• There were emergency evacuation plans in place. These were put in place because people had sat down in a calm setting and worked out the best ways to get everyone safely off the platform. There are temporary refuges on (most) platforms. These are designed to keep you safe from the fires/explosions for at least an hour. When it looks like the fires are serious enough that you have to get right off the platform there are more plans that will get everyone off safely - everyone jumping off the side usually lead

        • by thegarbz (1787294)
          What is significant? All people on your tiny isolated platform with authority are dead, the only ones left are the working plebs. What can you do that is significant other than fucking run and dive over the edge.

          You can get to an escape raft and hope that 50 other people came too.
          You can get to an escape raft and launch it by yourself potentially killing 50 other people.
          You can jump over the edge of an oil platform from a height of which will likely cause you to break your legs when you hit the water.
    • by elrous0 (869638) *

      Yeah, but if there's a spill it could turn Scotland into a bleak shithole.

    • by okooolo (1372815)
      People have been drilling in deep water in the Gulf of Mexico for decades, with admittedly a couple of nasty accidents but so far things have gone pretty well. And do you know what? No-one had oil spill prediction software when they started. They relied on the skill and experience of the people operating the rigs.
      How reasonable does it sound now?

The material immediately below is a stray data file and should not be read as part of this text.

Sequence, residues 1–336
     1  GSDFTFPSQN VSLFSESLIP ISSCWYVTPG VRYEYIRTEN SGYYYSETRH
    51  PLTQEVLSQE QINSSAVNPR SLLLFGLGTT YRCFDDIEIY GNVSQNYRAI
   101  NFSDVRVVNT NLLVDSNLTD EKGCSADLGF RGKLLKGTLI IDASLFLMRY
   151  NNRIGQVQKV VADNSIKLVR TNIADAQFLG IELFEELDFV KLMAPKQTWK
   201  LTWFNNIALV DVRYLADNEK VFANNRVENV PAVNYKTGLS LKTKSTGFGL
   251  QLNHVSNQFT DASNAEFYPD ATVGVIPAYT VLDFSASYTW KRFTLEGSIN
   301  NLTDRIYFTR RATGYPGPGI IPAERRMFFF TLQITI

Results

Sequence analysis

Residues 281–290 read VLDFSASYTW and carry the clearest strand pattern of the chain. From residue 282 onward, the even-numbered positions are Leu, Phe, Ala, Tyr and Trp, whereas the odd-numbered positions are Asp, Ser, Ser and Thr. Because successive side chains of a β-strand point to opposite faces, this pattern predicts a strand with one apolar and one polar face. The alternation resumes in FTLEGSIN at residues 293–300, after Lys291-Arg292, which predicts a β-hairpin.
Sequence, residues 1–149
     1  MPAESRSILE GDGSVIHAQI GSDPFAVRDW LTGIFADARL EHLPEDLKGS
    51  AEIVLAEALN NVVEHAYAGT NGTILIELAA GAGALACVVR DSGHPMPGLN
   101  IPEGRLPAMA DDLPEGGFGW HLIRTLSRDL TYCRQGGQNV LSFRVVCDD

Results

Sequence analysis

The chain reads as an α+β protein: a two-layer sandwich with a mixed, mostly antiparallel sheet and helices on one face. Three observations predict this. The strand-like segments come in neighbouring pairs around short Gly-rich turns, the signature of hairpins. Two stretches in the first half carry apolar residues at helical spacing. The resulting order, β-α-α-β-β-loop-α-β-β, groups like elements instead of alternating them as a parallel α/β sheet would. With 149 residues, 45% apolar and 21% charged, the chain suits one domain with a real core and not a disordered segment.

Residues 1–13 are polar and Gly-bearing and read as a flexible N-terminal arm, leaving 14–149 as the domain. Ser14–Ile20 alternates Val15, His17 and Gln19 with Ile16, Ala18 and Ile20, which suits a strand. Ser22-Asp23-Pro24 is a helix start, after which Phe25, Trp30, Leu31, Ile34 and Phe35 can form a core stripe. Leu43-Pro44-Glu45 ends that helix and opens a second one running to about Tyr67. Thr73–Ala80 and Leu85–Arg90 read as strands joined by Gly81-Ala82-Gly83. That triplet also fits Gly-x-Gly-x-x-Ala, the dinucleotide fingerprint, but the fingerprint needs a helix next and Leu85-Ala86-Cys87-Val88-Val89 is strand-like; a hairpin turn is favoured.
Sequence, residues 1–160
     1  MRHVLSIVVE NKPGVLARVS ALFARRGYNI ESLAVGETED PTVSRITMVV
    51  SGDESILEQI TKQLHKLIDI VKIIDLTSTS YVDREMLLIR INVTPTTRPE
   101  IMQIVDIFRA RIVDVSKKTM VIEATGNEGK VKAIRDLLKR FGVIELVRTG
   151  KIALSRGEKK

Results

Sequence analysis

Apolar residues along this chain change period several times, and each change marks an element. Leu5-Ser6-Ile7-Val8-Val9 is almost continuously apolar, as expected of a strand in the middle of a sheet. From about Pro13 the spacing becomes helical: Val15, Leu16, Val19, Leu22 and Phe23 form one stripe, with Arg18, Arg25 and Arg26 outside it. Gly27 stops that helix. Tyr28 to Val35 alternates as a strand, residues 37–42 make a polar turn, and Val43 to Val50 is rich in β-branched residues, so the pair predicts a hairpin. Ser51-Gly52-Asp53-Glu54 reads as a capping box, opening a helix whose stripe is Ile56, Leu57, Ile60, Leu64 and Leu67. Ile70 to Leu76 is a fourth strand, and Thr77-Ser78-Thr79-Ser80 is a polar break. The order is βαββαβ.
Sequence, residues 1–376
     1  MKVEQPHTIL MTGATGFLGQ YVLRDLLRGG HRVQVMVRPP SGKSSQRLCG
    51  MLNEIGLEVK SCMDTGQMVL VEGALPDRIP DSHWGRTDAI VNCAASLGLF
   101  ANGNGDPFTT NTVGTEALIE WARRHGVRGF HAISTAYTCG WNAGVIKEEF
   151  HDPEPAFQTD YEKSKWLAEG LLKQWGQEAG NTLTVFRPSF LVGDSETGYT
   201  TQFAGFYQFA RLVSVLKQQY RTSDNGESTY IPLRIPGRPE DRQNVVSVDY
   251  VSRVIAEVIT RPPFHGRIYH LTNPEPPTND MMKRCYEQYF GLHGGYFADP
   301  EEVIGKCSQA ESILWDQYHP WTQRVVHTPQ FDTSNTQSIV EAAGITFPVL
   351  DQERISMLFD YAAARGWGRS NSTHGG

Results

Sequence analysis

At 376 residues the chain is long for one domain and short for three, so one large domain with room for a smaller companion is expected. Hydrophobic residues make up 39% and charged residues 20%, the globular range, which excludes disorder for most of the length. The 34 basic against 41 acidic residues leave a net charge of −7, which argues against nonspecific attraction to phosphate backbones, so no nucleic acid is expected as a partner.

• Is that like weather prediction software?
  • Maybe wasnt so good idea to make Rovio to design that software, but hey, maybe we could finally find where those pigs hid the eggs.
  • I'm not a modelling guru but I've delved a little into current and weather modelling and it's not simple stuff. The inputs would vary depending on the weather conditions and weather predictions change significantly over that time. The best you could hope for would by a dynamic model that updated daily and became less reliable the further away from now that you went. Having a model that predicted where the spill was headed after the spill occured so you could direct clean up to the most effective places on
    • either way, your liability is low because you are modeling for something that is "never supposed to happen" and even if it does it is easy to blame some condition that could not have conceivably been taken into account by your model
  • This isn't actually that huge a deal. No matter what the conditions are in the location they want to put the platform, any sort of large spill would be Real Bad.

    The important part here is not to let a spill happen in the first place, and the spill prediction software has nothing really to do with that.